Wednesday, January 9, 2008

Jon Reiss’ Global Graffiti Documentary "Bomb It"

Teams Up With Theatrical Distributors
Hip Hop Film Festival
For US Hybrid Screenings Starting March 2008
DVD Release April 29, 2008

LOS ANGELES, CA – Antidote Films partners with theatrical distributors Hip Hop Film Festival (HHFF) to release Bomb It, the global graffiti documentary by award winning director Jon Reiss. Featuring street artists and top graffiti writers from 5 continents Bomb It is the first film to update the story of graffiti with a truly international perspective. Hip Hop Film Festival plans to screen Bomb It across North America starting in March 2008. The hybrid screenings will take place at theaters, cultural centers, alternative venues and a handful of festival. Docurama Films will release the DVD on April 29, 2008. Personalities such as Cornbread, Lady Pink, acclaimed hip hop artist and former graffiti writer KRS One, international art machine Shepard Fairey, Brazilian bombing twin brothers Os Gemeos, and others share their lives with the camera. Globally comprehensive as well as politically relevant, a recent review by reported, “… At the core of the film is a poignant social statement about public space and the war being waged for it.” To learn more please visit and For continual updates about this film and graffiti culture in general - such as events, artist rights, screenings, etc. - visit the Bomb It blog at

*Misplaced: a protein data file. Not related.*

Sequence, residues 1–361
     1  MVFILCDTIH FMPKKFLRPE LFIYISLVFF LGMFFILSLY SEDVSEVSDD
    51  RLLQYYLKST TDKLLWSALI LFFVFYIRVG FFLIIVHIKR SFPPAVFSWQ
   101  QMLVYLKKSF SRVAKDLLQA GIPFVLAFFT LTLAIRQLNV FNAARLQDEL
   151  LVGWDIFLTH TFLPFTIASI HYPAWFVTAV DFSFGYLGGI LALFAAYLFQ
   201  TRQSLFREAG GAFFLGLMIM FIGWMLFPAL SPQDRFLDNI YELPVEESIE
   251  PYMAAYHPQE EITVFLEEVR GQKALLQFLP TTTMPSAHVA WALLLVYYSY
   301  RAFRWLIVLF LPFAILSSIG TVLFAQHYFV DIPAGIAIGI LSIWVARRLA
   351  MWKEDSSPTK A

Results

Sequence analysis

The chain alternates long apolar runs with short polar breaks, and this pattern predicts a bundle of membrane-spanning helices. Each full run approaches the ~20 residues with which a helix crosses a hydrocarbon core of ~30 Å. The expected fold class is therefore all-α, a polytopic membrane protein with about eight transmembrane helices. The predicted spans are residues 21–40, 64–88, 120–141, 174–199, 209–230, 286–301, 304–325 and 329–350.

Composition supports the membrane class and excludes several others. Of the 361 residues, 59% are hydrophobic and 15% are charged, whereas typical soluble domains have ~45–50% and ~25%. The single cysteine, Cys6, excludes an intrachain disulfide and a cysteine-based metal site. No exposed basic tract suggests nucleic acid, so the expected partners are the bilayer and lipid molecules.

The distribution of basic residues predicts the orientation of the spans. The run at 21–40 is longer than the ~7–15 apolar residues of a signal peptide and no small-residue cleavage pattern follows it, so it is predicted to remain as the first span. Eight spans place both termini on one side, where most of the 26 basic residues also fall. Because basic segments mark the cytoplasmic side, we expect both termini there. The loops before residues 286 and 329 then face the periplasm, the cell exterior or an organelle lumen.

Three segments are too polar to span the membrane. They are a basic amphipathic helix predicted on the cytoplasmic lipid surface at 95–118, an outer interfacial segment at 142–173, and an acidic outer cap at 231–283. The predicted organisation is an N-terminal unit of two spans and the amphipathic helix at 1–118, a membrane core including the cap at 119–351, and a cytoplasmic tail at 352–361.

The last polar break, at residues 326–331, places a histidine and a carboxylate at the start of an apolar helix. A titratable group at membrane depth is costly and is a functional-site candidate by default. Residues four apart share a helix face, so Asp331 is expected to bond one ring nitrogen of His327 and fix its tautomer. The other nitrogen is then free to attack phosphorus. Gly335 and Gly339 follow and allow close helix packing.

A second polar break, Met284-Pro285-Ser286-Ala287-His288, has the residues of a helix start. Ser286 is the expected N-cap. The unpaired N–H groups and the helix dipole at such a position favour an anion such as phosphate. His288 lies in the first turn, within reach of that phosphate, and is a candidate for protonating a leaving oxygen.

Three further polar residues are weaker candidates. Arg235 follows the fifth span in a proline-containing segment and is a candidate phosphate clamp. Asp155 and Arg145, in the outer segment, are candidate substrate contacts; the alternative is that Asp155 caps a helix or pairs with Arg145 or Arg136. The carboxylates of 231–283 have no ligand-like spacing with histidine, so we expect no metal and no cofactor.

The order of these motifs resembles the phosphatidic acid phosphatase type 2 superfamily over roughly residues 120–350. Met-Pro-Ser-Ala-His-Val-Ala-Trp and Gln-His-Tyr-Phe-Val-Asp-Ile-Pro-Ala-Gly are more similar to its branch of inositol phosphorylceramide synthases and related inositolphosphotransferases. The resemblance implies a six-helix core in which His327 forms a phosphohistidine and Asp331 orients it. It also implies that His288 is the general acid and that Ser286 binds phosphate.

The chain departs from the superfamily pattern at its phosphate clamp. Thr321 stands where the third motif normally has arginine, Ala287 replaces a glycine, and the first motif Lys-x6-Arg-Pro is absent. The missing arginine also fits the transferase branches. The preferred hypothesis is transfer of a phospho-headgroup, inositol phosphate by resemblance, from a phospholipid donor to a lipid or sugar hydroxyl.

Starting with graffiti’s roots in New York and Philadelphia, Bomb It goes on to explore the graff cultures in London, Paris, Amsterdam, Hamburg, Barcelona, Berlin, Cape Town, São Paulo, and Tokyo, before finally wrapping up in Los Angeles. The film features original footage with artists around the world who have taken the form and applied it to their particular cultural and social conditions, from Latin America, where graffiti has been adapted into the mural tradition, to Japan where anime inspired rakugaki juxtaposes with formal calligraphy and conformist societal norms, to Europe where a dadaist/surrealist tradition produces deliberately confrontational prankstering.

While some believe the roots of graffiti can be traced back to pre-linguistic cave markings and the innate human need for self-expression, graffiti remains a highly controversial issue. Using a myriad of original interviews as well as guerilla footage of graffiti writers in action, Bomb It tells the story of contemporary graffiti from its roots in ancient rock paintings through Picasso to Latino placas through its notorious emergence as a visual adjunct to the rise of hip hop culture in 1970's New York City culminating in its current, pervasive presence in a myriad of forms – on the streets and in pop culture throughout the world, co-opted into advertising, on our clothing, etc.